No such vote occurred during the meeting.

Joan Kulesza, Principal of Grasse Elementary School, commented about events from Tuesday’s meeting said that it was apparent to everyone that the removal of the supervisors coincided with the hiring of Vermilion and that it would provide Adams with no oversight. 

Kulesza added, “His presentation last night showed his complete lack of knowledge of academic standards, existing scope and sequence and developmentally appropriate curriculum. Frankly, it was as if he asked Alexa to show him curriculum and presented that to the board.”

East Rockhill parent Laura Foster highlighted graphs that had been presented at Tuesday’s meeting by Director Ricki Chaikin to substantiate the decision by the board’s far-right members to terminate the curriculum supervisors.

“We didn’t get any information on where any of her information came from, there’s no references or anything, but guess what, I found the graphs,” Foster said. 

She then displayed a page from Hillsdale College’s Imprimis newsletter. Jordan Adams is a graduate of Hillsdale College, a private, conservative, Christian, liberal arts college in Michigan. Adams also worked for the college.

Foster then directly implored two board members, President David Reiss and Robert Cormack, to reverse the Vermilion contract. To date both have remained silent on the matter.

“You two know what the right thing is to do. Stop hiding behind your laptops, stop hiding behind your water bottles, speak up… do the right thing,” Foster said.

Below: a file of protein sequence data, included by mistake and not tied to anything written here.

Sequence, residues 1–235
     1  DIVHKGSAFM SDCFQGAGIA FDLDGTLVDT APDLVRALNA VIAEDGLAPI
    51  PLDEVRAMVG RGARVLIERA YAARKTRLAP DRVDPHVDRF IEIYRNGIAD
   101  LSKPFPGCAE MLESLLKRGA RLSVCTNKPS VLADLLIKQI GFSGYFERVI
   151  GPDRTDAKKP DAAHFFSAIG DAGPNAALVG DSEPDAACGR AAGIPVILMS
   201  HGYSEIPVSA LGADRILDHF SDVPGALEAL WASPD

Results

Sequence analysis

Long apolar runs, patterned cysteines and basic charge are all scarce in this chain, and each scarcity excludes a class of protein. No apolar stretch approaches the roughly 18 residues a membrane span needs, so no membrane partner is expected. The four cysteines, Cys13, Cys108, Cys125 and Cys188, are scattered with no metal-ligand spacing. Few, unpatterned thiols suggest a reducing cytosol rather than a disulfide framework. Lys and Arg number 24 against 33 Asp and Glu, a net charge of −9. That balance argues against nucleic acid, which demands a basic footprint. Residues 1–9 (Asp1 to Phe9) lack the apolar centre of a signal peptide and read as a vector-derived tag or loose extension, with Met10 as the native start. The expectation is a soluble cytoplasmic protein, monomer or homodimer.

The evening’s agenda was lengthy. Votes on the budget, payment of bills, district contracts, personnel matters as well as district policies were considered by the board.

Despite tremendous amounts of public input against implementing policies 720, Use of Restroom and Locker Room Facilities, and 235.1, Surveys, a majority of the board voted for them and both passed.

Board Director Wurz voted against both policies and with specific reference to Policy 720 again remarked about its illegality.

Wurz also objected to the approval to remove library books from the high school by way of “weeding” and said that the board had told the public at a previous meeting that more detailed information as to why books were being removed was forthcoming.

A vote to table the removal of books from the high school passed with Banis-Clemens being the sole dissenter.

The evening ended with an explosive vote. Director Wurz made a motion to submit a 30-day cancellation notice to Vermilion to terminate the contract. His motion was met with cheers from the audience, but they were short lived.

Five members, Reiss, Banis-Clemens, Cormack, Blomgren and Chaikin voted to keep the contract. Directors Wurz, Cullen, Russell and Batycki voted to terminate it.

Pennridge is apparently stuck with Vermilion Education.

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Jenny Stephens

Jenny Stephens is a freelance journalist who has written for a variety of publications, including The Reporter. An avid collector of all things vintage, she resides in the Philadelphia area.